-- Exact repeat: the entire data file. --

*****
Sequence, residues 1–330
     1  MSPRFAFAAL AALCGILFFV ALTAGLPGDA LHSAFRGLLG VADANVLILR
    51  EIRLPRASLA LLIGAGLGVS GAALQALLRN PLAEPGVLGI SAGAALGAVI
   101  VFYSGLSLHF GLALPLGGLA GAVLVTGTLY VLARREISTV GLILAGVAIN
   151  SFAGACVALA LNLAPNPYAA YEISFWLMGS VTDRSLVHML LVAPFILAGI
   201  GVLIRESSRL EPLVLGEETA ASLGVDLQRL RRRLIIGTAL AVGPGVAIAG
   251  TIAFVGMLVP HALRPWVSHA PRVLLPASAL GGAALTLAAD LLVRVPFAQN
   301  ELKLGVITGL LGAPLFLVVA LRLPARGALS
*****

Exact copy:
Sequence, residues 1–330
     1  MSPRFAFAAL AALCGILFFV ALTAGLPGDA LHSAFRGLLG VADANVLILR
    51  EIRLPRASLA LLIGAGLGVS GAALQALLRN PLAEPGVLGI SAGAALGAVI
   101  VFYSGLSLHF GLALPLGGLA GAVLVTGTLY VLARREISTV GLILAGVAIN
   151  SFAGACVALA LNLAPNPYAA YEISFWLMGS VTDRSLVHML LVAPFILAGI
   201  GVLIRESSRL EPLVLGEETA ASLGVDLQRL RRRLIIGTAL AVGPGVAIAG
   251  TIAFVGMLVP HALRPWVSHA PRVLLPASAL GGAALTLAAD LLVRVPFAQN
   301  ELKLGVITGL LGAPLFLVVA LRLPARGALS